A bad blog is worse than no blog at all. But a good blog/grog like Murderati is invaluable.

  8. JT Ellison

    This essay showcases exactly why we wanted Elaine to be a part of Murderati in the first place. I always thought she should add in a few essays, despite her insistence that she had nothing to say.

    I credit Murderati with helping me land me a publishing deal. In this current publishing climate, the new author with a platform – ie: known in the community, short stories published, a blog that isn’t about them, but is value-added for the community and their subsequent reader – is going to have a leg up on someone who is completely and utterly unknown. I agree with Louise, it’s a prerequisite now.

    That said – value-added is the trick. The author blogs I read are either by my friends or ones where I’m learning about the industry. I’ve been asked several times in the past few months about new authors starting blogs. I encourage them to either find a group of like-minded people to work with, or offer something no one else is offering. A tall task, but it will pass off in the long run.

  9. Jake Nantz

    “On the other hand, sometimes I think it’s just as valuable to build and be a presence simply by regularly commenting on other blogs.”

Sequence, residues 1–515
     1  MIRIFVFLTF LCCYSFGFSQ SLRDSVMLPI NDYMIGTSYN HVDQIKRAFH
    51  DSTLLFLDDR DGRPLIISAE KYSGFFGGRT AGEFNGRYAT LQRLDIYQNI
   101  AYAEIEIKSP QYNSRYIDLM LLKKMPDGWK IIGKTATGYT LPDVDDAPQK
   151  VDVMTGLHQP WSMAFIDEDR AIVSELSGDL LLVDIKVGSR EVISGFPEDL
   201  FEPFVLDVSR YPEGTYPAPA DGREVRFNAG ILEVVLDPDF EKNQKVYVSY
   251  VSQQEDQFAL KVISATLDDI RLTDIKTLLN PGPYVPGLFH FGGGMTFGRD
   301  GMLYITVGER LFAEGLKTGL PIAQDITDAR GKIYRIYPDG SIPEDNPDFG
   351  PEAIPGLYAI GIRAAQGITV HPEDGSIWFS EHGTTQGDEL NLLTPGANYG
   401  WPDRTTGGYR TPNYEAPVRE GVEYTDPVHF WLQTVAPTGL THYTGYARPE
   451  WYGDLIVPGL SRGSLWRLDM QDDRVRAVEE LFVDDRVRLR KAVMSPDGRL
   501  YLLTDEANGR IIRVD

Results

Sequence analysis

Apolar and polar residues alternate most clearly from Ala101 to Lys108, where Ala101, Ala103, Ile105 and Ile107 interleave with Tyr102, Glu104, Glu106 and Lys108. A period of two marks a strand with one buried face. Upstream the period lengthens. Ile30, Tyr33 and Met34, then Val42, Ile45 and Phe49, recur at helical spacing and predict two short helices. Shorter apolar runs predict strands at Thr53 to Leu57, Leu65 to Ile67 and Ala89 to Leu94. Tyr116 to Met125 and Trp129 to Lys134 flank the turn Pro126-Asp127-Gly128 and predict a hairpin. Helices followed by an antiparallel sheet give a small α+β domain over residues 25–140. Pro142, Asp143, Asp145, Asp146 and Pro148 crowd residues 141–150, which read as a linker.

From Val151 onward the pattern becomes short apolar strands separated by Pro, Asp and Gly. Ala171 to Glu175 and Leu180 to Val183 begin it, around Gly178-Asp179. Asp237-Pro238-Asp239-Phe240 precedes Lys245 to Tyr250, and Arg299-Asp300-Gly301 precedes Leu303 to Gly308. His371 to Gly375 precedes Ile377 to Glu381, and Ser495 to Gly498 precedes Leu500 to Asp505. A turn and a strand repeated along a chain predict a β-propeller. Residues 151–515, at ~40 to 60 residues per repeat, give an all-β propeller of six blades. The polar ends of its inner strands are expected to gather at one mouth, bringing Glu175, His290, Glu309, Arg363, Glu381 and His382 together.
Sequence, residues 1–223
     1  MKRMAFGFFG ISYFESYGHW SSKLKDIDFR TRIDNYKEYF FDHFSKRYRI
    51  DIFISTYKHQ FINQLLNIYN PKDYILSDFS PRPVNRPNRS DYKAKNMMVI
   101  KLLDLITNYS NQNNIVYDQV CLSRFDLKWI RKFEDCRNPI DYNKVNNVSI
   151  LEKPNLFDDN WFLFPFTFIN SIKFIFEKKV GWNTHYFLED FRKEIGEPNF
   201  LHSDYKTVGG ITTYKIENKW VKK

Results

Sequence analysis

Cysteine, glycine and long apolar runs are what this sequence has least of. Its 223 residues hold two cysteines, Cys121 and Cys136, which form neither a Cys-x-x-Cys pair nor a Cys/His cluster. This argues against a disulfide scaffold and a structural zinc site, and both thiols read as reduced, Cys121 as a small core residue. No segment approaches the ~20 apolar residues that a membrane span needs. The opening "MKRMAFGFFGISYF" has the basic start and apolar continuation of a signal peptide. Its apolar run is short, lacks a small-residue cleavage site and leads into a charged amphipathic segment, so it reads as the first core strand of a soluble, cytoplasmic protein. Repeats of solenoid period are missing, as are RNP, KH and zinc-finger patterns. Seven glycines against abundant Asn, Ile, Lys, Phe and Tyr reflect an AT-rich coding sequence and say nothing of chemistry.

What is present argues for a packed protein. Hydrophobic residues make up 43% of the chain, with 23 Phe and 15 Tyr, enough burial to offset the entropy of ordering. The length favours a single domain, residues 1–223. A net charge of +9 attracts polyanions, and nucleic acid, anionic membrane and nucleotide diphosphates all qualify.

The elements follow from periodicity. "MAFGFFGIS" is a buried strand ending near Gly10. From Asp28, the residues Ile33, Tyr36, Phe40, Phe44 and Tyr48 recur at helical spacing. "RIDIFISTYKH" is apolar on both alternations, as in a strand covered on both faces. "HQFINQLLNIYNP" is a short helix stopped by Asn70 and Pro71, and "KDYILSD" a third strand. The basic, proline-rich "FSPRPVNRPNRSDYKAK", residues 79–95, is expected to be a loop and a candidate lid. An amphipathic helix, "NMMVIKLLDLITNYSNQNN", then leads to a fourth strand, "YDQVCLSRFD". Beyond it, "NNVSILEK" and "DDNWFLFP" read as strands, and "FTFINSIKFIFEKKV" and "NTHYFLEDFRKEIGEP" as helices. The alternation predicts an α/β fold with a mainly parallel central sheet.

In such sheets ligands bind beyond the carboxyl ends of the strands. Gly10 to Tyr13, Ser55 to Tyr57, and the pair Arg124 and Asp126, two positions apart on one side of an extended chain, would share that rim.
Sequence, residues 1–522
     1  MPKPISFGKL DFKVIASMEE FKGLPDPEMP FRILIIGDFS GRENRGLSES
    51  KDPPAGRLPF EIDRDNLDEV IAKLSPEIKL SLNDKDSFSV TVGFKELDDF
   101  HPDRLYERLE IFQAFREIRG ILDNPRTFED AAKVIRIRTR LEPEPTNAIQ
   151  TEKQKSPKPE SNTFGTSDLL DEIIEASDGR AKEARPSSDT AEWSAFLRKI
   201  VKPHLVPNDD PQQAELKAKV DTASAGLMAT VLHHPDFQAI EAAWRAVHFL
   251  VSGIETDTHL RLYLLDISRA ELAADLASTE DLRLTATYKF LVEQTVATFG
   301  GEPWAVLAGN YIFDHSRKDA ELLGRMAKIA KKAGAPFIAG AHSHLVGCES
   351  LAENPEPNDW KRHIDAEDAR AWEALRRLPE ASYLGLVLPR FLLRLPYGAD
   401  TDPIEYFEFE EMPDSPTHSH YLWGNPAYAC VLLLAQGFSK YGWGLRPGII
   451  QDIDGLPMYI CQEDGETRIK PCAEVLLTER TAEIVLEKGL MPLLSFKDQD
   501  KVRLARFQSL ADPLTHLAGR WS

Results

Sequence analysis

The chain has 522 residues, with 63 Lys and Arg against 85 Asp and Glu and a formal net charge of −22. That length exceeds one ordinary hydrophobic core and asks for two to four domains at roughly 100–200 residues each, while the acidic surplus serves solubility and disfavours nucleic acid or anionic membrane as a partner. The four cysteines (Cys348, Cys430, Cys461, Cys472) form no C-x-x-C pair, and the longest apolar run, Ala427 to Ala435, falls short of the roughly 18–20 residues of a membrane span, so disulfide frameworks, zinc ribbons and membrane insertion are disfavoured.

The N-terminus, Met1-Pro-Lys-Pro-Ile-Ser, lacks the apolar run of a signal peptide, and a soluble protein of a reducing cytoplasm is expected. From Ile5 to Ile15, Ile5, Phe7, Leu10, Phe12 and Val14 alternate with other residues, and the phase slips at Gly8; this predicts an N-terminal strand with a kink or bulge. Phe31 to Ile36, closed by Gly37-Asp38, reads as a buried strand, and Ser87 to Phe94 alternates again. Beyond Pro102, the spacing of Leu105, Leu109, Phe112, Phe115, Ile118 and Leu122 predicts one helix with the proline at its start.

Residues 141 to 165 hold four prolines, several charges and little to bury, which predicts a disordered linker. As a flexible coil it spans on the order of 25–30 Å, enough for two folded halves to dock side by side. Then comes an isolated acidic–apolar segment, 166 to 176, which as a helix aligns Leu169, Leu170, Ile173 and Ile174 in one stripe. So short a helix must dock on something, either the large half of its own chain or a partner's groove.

This thought had occured to me too, Alex. I have no published novels yet, and just started a blog so of course I get very little traffic or comments, but people DO recognize me on other blogs just from my commenting.

    Now, I realize that’s not exactly a built-in readership for when I do get published, or anything of that nature, but it does show that I’m at least on the baby-step path to creating relationships with people. Some of them are potential readers.

    And while it may not be “branding” on the level Joe Konrath talks about, it can’t hurt, right? (unless people take my opinionated rants to mean I’m an asshole, that is. And I frequently am one, so that may be bad for my career. Sigh….)

  10. Rae

    From a reader’s perspective, blogs and forums and chat rooms are a great way to stay in touch with friends, to recommend and discuss books, and to see what that great new author you just discovered has to say for themselves. It’s the conversational aspect of it that draws me in.